Oregon State head coach Gary Andersen, right, celebrates his team's victory over Oregon on Saturday in Corvallis. THE ASSOCIATED PRESS

OSU savors Civil War win for the ages

CORVALLIS — Not long after Oregon State head coach Gary Andersen began fielding questions from reporters after the Beavers’ 34-24 football win over Oregon on Saturday, the interview room rang with the sound of a 6-foot-4, 310-pound man banging on the glass partition at the side of the room, followed by a long, loud, “Wooooooooooooo!”

It was just Beaver tackle Sean Harlow in the next room, waiting his turn before the microphones, sending his bit of congratulations.

“It kills them every time we lose, you can see it in their eyes,” OSU quarterback Marcus McMaryion said of Harlow and the other Beavers seniors. “And after the game was over, to send them into the locker room and end their careers on a good note, see them smile after the game — there’s no better feeling.”

A loss would have put the Beavers in the Civil War record book for the longest losing streak at nine games. Along with the eight-game streak Oregon took into Saturday’s game, the Beavers won eight straight from 1964-72 and the Ducks had taken eight in a row from 1975-82.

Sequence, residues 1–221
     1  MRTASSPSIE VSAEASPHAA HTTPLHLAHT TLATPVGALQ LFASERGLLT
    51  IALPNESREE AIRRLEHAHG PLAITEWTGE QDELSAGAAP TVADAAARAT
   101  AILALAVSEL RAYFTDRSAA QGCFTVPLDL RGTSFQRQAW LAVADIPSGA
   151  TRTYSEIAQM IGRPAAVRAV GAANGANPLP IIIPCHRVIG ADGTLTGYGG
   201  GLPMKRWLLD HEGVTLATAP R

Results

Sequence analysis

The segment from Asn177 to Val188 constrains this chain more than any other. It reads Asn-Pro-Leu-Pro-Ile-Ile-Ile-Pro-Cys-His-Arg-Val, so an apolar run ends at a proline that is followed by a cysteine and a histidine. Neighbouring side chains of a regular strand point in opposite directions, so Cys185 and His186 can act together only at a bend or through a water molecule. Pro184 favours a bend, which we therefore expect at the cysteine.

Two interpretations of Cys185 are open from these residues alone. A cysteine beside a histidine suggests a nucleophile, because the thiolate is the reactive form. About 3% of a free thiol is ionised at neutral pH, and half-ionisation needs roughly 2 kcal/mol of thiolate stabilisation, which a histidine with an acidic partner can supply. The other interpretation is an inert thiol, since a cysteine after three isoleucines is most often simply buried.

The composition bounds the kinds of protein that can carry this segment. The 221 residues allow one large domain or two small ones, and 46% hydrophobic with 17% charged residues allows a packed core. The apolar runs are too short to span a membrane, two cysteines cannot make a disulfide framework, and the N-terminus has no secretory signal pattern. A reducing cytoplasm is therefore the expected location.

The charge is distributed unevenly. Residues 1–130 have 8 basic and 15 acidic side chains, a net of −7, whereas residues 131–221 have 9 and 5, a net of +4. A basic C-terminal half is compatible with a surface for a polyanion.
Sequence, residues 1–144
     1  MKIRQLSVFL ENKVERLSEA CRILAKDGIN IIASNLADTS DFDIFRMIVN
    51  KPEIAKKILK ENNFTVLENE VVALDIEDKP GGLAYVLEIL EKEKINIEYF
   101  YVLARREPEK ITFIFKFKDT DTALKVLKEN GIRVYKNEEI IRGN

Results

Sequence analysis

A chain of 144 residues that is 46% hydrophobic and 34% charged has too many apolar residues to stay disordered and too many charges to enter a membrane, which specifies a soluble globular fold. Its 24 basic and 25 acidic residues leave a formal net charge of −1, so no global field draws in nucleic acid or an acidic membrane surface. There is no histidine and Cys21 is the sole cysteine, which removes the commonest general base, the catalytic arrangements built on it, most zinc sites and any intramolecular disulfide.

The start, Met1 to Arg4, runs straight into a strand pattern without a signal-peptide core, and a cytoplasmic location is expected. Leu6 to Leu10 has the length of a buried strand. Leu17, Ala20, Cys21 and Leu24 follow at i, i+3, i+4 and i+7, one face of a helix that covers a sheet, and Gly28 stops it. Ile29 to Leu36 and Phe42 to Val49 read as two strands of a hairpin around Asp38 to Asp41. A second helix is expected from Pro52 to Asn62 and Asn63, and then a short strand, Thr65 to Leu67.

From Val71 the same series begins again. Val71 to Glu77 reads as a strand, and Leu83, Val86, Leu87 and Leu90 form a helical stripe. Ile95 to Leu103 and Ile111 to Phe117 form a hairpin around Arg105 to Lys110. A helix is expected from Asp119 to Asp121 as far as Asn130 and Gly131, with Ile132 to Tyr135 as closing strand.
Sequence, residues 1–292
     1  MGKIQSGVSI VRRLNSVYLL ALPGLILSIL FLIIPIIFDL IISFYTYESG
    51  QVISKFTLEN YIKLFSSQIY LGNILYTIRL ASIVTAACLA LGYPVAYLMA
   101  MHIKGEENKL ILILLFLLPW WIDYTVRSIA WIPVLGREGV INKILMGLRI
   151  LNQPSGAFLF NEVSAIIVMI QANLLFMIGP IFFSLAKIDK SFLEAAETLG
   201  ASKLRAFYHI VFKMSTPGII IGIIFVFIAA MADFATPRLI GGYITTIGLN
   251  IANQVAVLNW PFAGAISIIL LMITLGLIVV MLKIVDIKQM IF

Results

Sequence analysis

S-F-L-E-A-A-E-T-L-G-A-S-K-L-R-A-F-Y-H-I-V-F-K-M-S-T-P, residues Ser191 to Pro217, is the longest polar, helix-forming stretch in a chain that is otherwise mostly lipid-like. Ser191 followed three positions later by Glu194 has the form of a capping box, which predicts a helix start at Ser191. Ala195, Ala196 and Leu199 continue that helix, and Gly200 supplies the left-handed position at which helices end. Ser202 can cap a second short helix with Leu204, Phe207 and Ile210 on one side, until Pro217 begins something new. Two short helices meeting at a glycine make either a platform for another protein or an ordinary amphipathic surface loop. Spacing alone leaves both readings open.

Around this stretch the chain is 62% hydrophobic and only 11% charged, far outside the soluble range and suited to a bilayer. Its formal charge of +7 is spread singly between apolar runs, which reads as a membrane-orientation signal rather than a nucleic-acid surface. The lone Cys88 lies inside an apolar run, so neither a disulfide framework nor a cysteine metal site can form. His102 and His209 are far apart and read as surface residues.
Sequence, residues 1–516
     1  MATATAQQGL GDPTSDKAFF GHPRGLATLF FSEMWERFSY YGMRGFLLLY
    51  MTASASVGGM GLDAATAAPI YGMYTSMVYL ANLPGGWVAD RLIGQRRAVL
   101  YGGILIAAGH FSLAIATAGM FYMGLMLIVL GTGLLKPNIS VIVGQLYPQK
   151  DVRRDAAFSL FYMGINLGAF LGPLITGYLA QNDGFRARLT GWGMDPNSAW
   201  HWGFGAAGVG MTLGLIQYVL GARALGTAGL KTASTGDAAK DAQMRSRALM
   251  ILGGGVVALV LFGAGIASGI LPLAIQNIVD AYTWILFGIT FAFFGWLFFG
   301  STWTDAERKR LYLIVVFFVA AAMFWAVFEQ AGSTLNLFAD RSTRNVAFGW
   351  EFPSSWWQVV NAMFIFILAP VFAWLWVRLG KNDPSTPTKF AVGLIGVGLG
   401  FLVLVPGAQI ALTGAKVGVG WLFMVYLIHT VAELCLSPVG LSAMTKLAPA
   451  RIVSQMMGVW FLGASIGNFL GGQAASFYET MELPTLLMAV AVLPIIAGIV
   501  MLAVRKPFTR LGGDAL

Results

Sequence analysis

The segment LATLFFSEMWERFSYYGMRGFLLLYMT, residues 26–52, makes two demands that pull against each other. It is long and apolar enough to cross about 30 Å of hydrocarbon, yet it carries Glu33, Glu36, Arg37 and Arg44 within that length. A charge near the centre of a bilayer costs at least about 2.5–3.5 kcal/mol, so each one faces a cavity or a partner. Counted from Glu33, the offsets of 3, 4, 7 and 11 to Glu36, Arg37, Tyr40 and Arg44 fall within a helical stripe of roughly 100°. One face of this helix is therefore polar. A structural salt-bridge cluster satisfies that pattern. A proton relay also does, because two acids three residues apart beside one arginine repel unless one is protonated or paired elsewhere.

“It’s crazy,” Harlow said of how it feels to finally get a victory in one of the nation’s oldest college football rivalries. “Our goal is to win every game, but that one, that was something a little extra special to it. To be able to get one last one, a home game in our place, against them of all people, and to run the ball physically and impose our will on them all game — there’s nothing better.”

At game’s end, Beaver fans rushed the field not just from the students section, but from all four sides, including several awkwardly launching themselves from an eight-foot-high wall behind the north end zone.

“I was on someone’s head at one point,” said Beaver running back Ryan Nall, who rushed for 155 yards and four touchdowns. “I mean, all of a sudden I’m getting hit left and right, and I see my sister and my two nieces, and I was hugging them and all of a sudden I told them to get out of here, I didn’t want them to get hurt. So all of a sudden I’m in the air, and I’m just taking in the moment.

“It was amazing.”

WHERE TO GO FROM HERE?: Oregon State’s four wins this season doubled the number from 2015, Andersen’s first season in Corvallis. Andersen has talked about the process of getting the OSU program turned around, and several of the Beavers were asked if they felt things had been flipped with the Beavers routing Arizona last week and then ending its losing streak to Oregon.

“Yes,” senior center Gavin Andrews said. “You look at last season and we had some close games and some not-so-close games and were 2-10. This year we were 4-8. It’s starting to flip. Next season it’s all about these guys and making sure it stays flipping.”

Nall pointed to Andrews and Harlow sitting next to him and said they were part of the group that has led the way in that process.